2020 will go down in history as one of the most disruptive, transformative years on record.
COVID-19 has completely upended our personal and working lives. It pushed employees around the world to their limits, and it caused record numbers of workers to quit their jobs and look for an alternative where they are not burnout and feel valued.
“This ‘Great Resignation’ has forced many businesses to revisit how work gets done, how they can better support their employees and what it means to be productive,” Workplace productivity tech startup ClickUp CEO Zeb Evans tells UNLEASH.
For decades, if not centuries, being present and looking busy has been deemed the same as being productive at work.
But COVID-19 and the resulting remote working was a blow for presenteeism – managers had less visibility of how many hours employees were working when they weren’t physically in the office.
As a result, there is now a “growing realization that being productive isn’t just about being busy” or physically working longer hours, explains Evans.
Instead, employers are beginning to focus more on outcomes, rather than inputs, when looking at employee performance.
For companies to retain their top performers, they need to ensure technology is working for staff, and not hindering their productivity, particularly in the world of hybrid working.
Research by HR tech unicorn Personio found that 23% of HR leaders said digital tools were disrupting employees’ workflows. 36% of employees agreed with this.
Evans adds: “Picking the technology that works best for employees is at the heart of what companies must decide.”
According to Evans, companies must focus on implementing a workplace productivity platform “that can bring teams together in one place, and make everything from chat, to work documentation, and even daily tasks as efficient and seamless as possible”.
This is precisely what his company ClickUp aims to do with its productivity platform and its mission of ‘one app to replace them all’.
It is important to standardize on a productivity platform that’s “flexible enough to work for different employees”; remember, not everyone works in the same way.
Evans is clear that having lots of different tools solving different problems for employees and companies is creating more issues than it solves. “Many businesses find it impractical to adopt so many services [and] constantly switching between applications kills worker productivity”.
This is because “employees that don’t work from a single source of truth struggle to prioritize their work, often missing deadlines, and duplicating efforts with other members of their team.”
Therefore, Evans believes 2022 will see a shift towards employers embracing an “all-in-one solution”, which will be the “key to maximizing worker productivity and ensuring transparency across increasingly distributed teams”.
The four-day working week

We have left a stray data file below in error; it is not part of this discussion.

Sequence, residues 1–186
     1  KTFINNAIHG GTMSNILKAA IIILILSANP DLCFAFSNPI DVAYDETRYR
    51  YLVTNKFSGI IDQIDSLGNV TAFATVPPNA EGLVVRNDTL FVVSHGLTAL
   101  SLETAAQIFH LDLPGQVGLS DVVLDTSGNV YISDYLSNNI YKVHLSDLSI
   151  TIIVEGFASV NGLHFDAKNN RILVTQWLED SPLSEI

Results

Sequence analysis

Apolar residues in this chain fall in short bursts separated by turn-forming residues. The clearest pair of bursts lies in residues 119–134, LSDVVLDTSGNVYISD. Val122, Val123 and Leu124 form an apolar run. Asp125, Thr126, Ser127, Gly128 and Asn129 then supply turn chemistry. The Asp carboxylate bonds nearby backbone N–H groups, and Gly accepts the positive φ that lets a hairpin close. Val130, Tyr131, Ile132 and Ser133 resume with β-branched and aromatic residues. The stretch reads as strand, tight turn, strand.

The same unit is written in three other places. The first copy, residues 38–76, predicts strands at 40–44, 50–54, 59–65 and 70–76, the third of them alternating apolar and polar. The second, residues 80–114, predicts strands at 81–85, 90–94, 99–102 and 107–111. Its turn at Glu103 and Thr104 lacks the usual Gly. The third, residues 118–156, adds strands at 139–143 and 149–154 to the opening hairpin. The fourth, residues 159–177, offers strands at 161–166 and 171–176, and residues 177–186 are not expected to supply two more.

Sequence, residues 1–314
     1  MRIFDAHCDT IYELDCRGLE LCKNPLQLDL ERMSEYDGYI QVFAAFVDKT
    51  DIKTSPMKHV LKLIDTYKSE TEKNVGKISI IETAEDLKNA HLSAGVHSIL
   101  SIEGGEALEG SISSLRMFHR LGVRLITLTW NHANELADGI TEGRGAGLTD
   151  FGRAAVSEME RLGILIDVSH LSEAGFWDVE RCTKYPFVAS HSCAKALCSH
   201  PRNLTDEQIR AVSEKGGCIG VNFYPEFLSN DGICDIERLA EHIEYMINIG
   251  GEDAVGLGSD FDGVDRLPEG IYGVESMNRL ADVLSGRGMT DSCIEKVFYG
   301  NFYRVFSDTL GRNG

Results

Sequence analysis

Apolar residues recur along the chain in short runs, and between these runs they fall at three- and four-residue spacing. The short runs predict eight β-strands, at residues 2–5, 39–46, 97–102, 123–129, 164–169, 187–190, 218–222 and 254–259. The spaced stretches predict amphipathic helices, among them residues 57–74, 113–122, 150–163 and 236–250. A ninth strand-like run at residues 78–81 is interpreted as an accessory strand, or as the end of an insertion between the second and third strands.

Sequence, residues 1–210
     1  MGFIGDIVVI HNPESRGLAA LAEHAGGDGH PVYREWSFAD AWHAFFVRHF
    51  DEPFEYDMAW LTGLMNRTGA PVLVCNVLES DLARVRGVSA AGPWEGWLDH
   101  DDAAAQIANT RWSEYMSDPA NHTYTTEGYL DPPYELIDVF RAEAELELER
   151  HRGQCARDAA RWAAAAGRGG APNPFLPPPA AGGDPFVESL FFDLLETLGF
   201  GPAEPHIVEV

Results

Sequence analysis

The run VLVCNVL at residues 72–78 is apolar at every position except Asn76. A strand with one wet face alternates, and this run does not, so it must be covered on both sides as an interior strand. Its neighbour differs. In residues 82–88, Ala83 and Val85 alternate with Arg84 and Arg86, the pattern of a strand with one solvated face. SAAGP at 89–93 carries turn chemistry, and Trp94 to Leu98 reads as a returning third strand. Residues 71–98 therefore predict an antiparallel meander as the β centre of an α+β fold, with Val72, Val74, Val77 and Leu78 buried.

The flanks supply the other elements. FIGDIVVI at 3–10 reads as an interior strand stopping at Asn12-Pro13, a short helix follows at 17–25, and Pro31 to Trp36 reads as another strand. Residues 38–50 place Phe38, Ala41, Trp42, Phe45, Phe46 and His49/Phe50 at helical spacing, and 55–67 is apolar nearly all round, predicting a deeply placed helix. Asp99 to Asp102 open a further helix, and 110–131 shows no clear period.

The changing mindset around productivity is having a wider effect on traditional ways of work.
“True productivity is about understanding how we use our time and what actually gets done,” according to Evans.
So, if we focus on outcomes, not inputs, do employees really need to work five days a week? Do employers actually get more out of them if they work four days and have a longer weekend to reset and recharge?
A large, nationwide study in Iceland actually found that cutting a day out of the working week (but not reducing pay) has no impact on productivity.
However, a shorter working week did have a huge impact on wellbeing and work-life balance in Iceland. Tackling burnout was a major reason behind the UAE’s move to implement a 4.5 working week and fintech company Bolt’s decision to trial Fridays off for employees.
In an interview with Fast Company, Bolt CEO Ryan Breslow notes: “It’s all about keeping standards of execution high, while still putting the team’s health and well-being first.” The idea is that a longer weekend allows employees more downtime so they can stay more focused at work.
Since burnout and stress are a leading cause of the ‘Great Resignation’ globally, could embracing a four-day working week help companies retain and attract talent this year?
Evans notes that “many employees [are] prepared to quit jobs in favor of companies that offer four-day work schedules”.
32% of young US workers surveyed by Jefferies said they wouldn’t have quit their job if they had been offered a four-day week. This was the second most popular answer – 43% said they would have stayed for higher wages.
A study by ClickUp found that one in three British workers are actively looking for a job with a four-day working week in 2022. 16% also plan to ask their current employers for a shorter working week in 2022.
Ultimately, embracing new ways of working, such as a four-day week, helps companies to “satisfy the flexibility that modern employees crave”, meaning employers “will be in a better position to stave of burnout and attrition within their workforce”, according to Evans.
He argues that if companies do not think a four-day working week is right for their business, then it is important that they provide flexibility elsewhere for employees.
Trusting employees to work flexible hours and where it suits them creates happier employees, who are more productive and drive business success.
“Workers and business both stand to benefit from this. Those that can integrate [flexibility] into their workplace culture will find themselves ahead of the competition at a time of unprecedented pressure on recruitment,” concludes Evans.
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